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In D.C. court, a victory for hearth and home

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An estimated two-thirds of the 6 million or so gas fireplaces in the U.S. are purely decorative.

And thanks to a recent court order, these decorative fireplaces will not have to abide by Department of Energy regulations on energy efficiency — averting big losses for manufacturers. The District of Columbia Court of Appeals ruled in favor of an appeal filed by the National Propane Gas Association (NPGA) challenging the DOE's recent actions to regulate decorative hearth products.

The victory for the hearth products industry, according to the NPGA, culminates a nearly two-year battle of the propane and hearth product industries with the DOE on the agency's ruling of vented gas hearth products.

"If left unchallenged, the effect of the DOE rules would have eliminated entire product lines of decorative gas fireplaces and decorative gas log sets that would no longer be available to home builders or homeowners," said Rick Roldan, president and CEO of NPGA. "Additionally, the rules unfairly targeted the small businesses comprising the propane industry and would have resulted in a more than $20 million loss for our industry."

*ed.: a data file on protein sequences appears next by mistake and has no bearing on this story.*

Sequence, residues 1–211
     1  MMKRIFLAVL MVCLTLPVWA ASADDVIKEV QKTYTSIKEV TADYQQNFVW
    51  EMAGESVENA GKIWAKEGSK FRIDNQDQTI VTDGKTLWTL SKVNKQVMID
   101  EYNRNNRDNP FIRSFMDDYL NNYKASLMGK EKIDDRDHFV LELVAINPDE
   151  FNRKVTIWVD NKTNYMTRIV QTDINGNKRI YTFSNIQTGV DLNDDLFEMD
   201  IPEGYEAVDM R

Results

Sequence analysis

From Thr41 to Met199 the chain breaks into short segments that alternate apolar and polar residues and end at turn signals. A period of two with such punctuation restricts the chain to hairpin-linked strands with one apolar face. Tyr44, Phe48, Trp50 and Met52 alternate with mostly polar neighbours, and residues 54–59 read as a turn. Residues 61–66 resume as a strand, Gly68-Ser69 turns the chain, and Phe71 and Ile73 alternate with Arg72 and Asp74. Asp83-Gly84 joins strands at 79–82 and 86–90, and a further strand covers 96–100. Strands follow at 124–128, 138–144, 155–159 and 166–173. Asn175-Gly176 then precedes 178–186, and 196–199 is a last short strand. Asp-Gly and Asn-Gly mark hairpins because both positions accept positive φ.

The Court also rejected the DOE's notion that these products could be regulated by establishing exclusion criteria, including a ban on standing pilot lights. This equated to imposing a design standard on the industry, and the court ruled that the DOE does not have the statutory authority to do so in this circumstance.

The decision strikes down regulatory requirements imposed by the two DOE Final Rules affecting vented gas fireplaces, and gas log sets (75 Fed. Reg. 20112 and 76 Fed. Reg. 71836).


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